It must be a thankless task trying to select the people to include in a book like this so thank you to the team at Nosy Crow. The subtitle is: 50 amazing people who have called Britain home. And that just makes the task harder. Many non-Britons have lived here for a time, although the editor has only included those who have made significant stays. Still, the choice was vast and there is no chance that final inclusions will please everyone (or perhaps anyone!). Take me, for example. I’d have liked to see more Scots, more writers, more artists and more people from the twentieth century. But that doesn’t mean that I haven’t enjoyed this.

Great Britons passed my first test: it includes Elsie Inglis. Better known now than she was when I was a child, her work is still shamefully undervalued. More recognised in Serbia than Scotland (never mind elsewhere in the UK), she is one of my heroes. Suffragist, doctor, campaigner for the poorest in society, she is probably now best known for her First World War service in Serbia and Russia. Having been told by the War Office to ‘go home and sit still’ when she volunteered her medical services, Elsie went back to Edinburgh and raised funds to set up independent hospital units run by women – the Scottish Women’s Hospitals for Foreign Service.

Each subject has a double page spread which clearly means that only a very short biography can be given. Imogen Russell Williams writes these very well. She is clear and concise and interesting. She treats these significant men and women with respect but includes some quirky facts along the way. I did not know that Yehudi Menuhin once conducted Beethoven’s Fifth Symphony with his feet whilst standing on his head! Nor did I know that Stormzy is a voracious reader.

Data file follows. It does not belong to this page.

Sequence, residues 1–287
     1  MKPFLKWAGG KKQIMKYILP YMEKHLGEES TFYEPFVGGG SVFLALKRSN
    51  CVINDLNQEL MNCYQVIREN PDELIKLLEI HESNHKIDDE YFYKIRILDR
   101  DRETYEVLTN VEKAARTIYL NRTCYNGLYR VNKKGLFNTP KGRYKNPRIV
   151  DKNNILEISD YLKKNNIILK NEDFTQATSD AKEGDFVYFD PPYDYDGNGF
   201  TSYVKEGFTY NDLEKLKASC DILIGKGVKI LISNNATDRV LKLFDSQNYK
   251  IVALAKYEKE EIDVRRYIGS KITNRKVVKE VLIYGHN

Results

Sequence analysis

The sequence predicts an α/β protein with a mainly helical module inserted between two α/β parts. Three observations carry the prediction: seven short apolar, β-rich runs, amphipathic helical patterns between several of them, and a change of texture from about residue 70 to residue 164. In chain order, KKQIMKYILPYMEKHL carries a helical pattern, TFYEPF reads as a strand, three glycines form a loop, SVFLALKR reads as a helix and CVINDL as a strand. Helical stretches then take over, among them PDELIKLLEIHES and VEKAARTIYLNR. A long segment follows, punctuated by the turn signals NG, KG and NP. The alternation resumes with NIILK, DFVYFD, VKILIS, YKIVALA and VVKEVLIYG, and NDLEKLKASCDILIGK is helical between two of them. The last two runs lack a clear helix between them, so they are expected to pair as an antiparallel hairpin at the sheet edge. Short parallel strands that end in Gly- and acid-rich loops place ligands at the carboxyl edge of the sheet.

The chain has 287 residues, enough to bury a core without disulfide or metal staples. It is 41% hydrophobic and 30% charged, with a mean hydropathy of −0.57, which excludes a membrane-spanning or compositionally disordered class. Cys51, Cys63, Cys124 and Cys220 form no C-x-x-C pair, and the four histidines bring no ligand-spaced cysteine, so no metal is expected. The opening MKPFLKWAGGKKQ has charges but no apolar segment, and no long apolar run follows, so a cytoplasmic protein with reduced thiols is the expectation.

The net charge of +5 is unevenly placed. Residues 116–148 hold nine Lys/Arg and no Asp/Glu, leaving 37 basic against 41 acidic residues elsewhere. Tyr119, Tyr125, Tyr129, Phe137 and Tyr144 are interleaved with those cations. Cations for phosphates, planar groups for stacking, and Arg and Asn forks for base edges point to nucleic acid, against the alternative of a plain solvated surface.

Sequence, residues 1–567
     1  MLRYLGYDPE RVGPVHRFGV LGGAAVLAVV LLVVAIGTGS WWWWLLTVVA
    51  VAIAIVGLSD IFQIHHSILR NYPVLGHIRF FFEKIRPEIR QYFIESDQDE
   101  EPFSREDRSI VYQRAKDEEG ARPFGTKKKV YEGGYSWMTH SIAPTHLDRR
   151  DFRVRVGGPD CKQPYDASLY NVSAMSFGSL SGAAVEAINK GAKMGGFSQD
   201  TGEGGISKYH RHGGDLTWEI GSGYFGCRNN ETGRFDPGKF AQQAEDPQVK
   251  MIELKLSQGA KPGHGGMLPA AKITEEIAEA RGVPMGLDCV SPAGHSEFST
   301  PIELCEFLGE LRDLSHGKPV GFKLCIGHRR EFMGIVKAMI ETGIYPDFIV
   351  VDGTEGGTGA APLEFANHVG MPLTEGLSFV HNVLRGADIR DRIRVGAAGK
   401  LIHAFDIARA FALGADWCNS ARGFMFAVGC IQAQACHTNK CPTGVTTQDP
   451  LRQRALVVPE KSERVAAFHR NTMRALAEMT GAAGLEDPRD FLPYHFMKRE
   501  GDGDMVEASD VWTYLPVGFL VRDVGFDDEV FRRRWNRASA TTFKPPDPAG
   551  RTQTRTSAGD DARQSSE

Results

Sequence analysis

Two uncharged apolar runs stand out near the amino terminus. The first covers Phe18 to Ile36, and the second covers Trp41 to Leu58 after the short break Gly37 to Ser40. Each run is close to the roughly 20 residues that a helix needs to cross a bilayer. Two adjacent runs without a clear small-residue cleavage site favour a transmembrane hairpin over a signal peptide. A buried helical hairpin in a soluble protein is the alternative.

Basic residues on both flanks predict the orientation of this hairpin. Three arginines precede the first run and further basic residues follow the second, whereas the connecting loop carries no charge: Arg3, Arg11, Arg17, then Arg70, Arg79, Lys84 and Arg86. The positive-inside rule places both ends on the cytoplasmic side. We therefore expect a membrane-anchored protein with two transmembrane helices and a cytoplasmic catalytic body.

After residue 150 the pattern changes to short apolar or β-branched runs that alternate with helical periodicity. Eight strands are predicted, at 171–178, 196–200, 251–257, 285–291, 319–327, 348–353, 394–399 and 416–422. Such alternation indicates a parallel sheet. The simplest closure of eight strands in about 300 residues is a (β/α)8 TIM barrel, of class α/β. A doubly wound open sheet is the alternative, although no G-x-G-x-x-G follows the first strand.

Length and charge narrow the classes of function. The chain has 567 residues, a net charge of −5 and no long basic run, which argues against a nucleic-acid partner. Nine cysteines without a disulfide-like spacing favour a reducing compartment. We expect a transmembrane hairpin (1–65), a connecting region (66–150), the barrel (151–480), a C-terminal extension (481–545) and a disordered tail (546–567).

As well as words, the book is full of pictures drawn by Sara Mulvanny. Obviously she has drawn pictures of the subjects and they are excellent – striking and immediately recognisable. But she has also given them a setting to help us visualise their backgrounds and connect them with their achievements.

As regular readers here know, I am fascinated by the ships and the sea. So I was delighted to see that Ernest Shackleton makes it into this book. He’s so often overlooked in favour of Robert Scott with whom he sailed on RRS Discovery (now safely moored in her birthplace of Dundee where she has been visited by me a number of times!). Interestingly – and I do mean that – his 1914 voyage on Endurance is only mentioned briefly as it fits in with his other travels. I enjoyed the opportunity to contextualise his most famous exploit.

Also featuring in the book are a number of people who were little more than names to me. Noor Inayat Khan is one such and someone else with deserves much more general recognition for her wartime contribution. Born in Russia to American and Indian parents, Noor’s family moved to London just after her birth before going on to settle in Paris when she was six. It was the Second World War that caused her to return to London and volunteer for the WAAF. But is was as a member of the Special Operations Executive that I had heard of her. She was the first female radio operator to be sent into occupied France, her job to send back coded messages. But she was quickly betrayed and captured by the Nazis and was imprisoned and tortured before being shot at Dachau.

I’ve picked out a few of those included whose lives appeal particularly to me. I’m pretty sure that any reader will be able to find someone who resonates with them as well as someone whose life they discover for the first time. This book is going on my bookshelves and I know that I’ll delve into it time and again even if it is written with younger readers in mind.

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